An official from the Jesuit-run Santa Clara University in California told Catholic News Agency that hosting a two-day long conference, on how to promote opportunities for gays and lesbians at Catholic colleges is “the Catholic” way to act as opposed to highlighting the intrinsic immorality of homosexual acts.

As the Vatican prepares a document reiterating its stance, particularly against homosexuality in seminaries, the aim of the conference entitled “Out There” was to highlight scholarships and student affairs being created to cater specifically to gays and lesbians at Catholic institutions.

The conference brought together representatives from the Universities of Georgetown, Loyola Marymount, Gonzaga, Fordham, DePaul, La Salle, Marquette and Emory, as well as Boston College, and College of the Holy Cross.  Out of the plus 40 Catholic universities represented, thirteen were Jesuit institutions like Santa Clara.

Some 150 attendees were invited to choose from workshops like, "Curriculum and Same-Sex Marriage in a Jesuit University" and "Can I Be Gay and Catholic?"

The dean’s office and Santa Clara’s campus ministry helped finance the event, which was organized largely by English professor Linda Garber.

The Bay Area Reporter, a local gay & lesbian publication, celebrated the event reporting:
“Queers and Catholics converged upon Santa Clara University over the weekend for a watershed conference, marking the first-ever large-scale LGBT event at the Jesuit University.”

Keynote speaker Mark Jordan, a theologian from Emory University and self proclaimed gay man, told the Bay Area Reporter the conference served a purpose that was more than academic.

"This conference was a discovery for a lot of people, first of all in how many of us [LGBT and LGBT-friendly Catholics] there are," Jordan said.

"But to see that people have been improvising solutions, and have the chance to come together and compare improvisations was important," he added.

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Jordan acknowledged that the religion is exclusive of gays and lesbians in many ways, and in particular that the Catholic Church’s newly chosen Pope is alienating to many.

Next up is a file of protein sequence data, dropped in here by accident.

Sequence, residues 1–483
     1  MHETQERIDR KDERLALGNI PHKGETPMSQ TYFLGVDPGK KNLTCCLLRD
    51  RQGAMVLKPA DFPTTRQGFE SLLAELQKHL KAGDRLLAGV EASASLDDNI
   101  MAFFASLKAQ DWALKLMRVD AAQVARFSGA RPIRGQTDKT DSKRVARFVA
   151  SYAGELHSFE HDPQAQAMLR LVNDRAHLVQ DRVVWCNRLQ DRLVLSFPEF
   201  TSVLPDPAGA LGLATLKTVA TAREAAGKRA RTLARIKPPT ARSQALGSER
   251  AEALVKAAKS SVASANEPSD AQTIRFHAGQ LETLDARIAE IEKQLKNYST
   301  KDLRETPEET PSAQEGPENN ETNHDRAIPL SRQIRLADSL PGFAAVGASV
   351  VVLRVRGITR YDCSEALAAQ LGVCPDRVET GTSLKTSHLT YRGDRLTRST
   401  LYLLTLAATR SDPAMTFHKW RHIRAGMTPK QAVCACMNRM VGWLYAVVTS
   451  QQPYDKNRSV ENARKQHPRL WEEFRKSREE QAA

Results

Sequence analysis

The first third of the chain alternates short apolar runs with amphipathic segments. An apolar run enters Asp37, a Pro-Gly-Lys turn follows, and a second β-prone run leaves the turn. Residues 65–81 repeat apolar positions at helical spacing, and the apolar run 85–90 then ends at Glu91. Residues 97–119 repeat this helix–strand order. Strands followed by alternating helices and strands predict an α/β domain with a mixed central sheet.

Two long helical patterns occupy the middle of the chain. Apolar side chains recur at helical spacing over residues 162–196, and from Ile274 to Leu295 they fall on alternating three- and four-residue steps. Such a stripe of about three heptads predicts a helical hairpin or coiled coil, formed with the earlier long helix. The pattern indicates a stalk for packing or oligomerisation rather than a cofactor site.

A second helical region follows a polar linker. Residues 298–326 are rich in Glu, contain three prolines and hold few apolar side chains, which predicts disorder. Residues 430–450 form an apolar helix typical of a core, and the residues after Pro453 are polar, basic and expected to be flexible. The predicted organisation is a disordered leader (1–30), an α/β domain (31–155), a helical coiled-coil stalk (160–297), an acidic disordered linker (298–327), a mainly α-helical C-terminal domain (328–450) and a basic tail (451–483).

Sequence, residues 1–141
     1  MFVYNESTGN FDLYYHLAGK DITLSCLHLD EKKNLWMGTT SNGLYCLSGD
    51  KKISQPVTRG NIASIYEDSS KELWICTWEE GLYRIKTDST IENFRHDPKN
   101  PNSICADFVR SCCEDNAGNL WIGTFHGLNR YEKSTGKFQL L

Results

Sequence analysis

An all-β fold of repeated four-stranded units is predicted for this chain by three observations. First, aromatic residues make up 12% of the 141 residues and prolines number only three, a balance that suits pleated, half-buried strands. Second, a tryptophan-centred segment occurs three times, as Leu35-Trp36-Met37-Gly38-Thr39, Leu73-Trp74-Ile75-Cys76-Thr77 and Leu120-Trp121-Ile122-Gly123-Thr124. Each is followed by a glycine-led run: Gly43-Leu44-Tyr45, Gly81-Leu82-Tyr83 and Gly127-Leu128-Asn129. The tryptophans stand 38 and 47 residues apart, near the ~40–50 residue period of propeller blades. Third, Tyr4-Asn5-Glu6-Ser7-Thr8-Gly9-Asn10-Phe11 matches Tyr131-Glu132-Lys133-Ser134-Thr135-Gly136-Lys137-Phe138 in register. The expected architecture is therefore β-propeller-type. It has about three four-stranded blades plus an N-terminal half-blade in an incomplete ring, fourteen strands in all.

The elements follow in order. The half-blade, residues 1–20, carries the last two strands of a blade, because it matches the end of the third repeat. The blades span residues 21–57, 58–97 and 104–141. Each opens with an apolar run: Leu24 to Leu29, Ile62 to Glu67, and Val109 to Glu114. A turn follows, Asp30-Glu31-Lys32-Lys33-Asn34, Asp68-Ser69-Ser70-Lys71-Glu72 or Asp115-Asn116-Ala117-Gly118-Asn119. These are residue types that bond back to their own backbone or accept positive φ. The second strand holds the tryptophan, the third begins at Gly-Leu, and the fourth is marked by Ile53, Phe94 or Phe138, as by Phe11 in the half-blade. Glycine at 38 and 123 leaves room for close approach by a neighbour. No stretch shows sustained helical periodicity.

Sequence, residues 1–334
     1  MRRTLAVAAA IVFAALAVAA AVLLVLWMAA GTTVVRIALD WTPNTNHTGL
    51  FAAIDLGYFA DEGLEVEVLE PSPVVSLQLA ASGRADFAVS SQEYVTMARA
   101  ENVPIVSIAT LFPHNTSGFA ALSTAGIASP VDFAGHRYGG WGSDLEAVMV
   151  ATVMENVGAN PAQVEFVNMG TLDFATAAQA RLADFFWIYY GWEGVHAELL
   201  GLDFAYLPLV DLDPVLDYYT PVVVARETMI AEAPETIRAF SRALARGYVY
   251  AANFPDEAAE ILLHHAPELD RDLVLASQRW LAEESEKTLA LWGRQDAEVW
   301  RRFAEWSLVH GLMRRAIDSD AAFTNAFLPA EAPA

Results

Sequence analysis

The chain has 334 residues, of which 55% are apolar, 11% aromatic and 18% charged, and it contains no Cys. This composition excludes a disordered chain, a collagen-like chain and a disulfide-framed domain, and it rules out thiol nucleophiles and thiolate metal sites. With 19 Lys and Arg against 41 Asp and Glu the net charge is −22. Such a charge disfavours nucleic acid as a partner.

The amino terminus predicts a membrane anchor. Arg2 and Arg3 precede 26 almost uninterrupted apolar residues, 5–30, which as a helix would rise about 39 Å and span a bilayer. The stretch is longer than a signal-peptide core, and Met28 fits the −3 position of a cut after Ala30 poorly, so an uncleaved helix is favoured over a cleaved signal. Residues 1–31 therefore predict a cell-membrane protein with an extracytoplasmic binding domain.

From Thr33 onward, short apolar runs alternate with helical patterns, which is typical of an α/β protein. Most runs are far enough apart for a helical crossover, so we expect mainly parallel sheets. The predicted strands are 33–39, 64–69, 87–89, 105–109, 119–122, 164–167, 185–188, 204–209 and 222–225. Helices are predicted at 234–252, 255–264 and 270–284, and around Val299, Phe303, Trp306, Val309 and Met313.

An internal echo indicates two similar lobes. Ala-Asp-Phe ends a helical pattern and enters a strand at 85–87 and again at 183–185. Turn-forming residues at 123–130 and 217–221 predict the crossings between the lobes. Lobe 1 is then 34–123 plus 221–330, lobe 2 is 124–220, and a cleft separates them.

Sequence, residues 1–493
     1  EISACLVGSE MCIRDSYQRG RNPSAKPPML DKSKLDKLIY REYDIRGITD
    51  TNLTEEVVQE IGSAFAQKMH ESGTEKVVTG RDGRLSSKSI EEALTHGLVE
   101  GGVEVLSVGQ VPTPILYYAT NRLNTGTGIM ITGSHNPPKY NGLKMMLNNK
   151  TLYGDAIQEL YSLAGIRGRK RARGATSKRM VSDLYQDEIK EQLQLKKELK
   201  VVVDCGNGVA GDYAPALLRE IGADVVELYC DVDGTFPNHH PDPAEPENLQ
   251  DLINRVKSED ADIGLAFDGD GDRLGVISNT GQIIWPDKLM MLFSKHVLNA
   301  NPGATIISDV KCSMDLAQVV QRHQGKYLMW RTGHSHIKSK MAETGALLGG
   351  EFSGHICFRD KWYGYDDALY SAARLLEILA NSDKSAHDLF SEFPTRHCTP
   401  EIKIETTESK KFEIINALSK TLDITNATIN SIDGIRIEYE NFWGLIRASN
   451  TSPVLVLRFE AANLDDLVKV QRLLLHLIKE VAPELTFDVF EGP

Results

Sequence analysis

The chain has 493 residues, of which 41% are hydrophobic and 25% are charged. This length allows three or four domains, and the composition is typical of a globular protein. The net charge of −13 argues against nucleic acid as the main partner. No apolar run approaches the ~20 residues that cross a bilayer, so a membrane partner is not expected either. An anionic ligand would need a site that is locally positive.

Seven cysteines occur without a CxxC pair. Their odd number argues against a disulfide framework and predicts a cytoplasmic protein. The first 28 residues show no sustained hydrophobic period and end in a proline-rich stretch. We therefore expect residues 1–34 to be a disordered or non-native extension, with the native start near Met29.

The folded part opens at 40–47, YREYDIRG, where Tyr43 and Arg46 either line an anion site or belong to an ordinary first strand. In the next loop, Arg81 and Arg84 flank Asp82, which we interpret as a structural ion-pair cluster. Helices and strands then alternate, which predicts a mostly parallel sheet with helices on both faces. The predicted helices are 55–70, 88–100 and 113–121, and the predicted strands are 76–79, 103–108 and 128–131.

"[Choosing Ratzinger as pope] is a catastrophe. I felt kicked in the stomach," he said.

“But that doesn't mean that LGBT people can't be Catholic, even if the institution does not formally welcome them,” Jordan said.

"The Catholic tradition is bigger than the church, it's bigger than the boundaries of the institution, and has more to offer to queer people than just a place in the institution," Jordan said.

"So if the institution alienates us, we take the tradition with us outside the institution," he said.

Jordan believes Catholic authorities likely won't change church doctrine to be fully inclusive of LGBT people for several hundred years, so contemporary queers should instead focus on "horizontal" change – working at the level of Catholic people instead of butting heads with the hierarchy.

Lisa Millora, who is the University’s Assistant Dean for Student Life and one of the co-organizers of the event, told CNA that, although the coincidental timing of the new Vatican document wasn’t planned, “it is important.”

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She said that the overall importance of the conference was that it dealt with what she called, “an invisible minority, who face an oppression and tension different than racial minorities,” for example.

Primarily, the job of her office, she said, “is to remove any obstacles to a student’s education.”

As a Jesuit University in the Catholic tradition, she added, “We need to pay attention to social injustices, no matter how uncomfortable they are for us.”

Joseph Winter, a professor at Loyola, said that his school is seen as very progressive, and even offers housing to LGBT couples.

At Saint Louis, there is not much proactive administrative support but neither is there opposition, said Ken Haller, a professor and pediatrician.

Haller, the former president of the Gay and Lesbian Medical Association, said he is often asked whether he is still a Catholic.

"I answer 'yes,'" he said. "I'm a pediatrician, and being gay and being Catholic both call me to that job, to see the person in need and serve that person."

Santa Clara University describes itself as “a comprehensive Jesuit, Catholic university” located in California's Silicon Valley, which offers its 8,213 students “rigorous undergraduate curricula in arts and sciences, business, and engineering, plus master's and law degrees.”   As California's oldest higher-education institution “it demonstrates faith-inspired values of ethics and social justice.”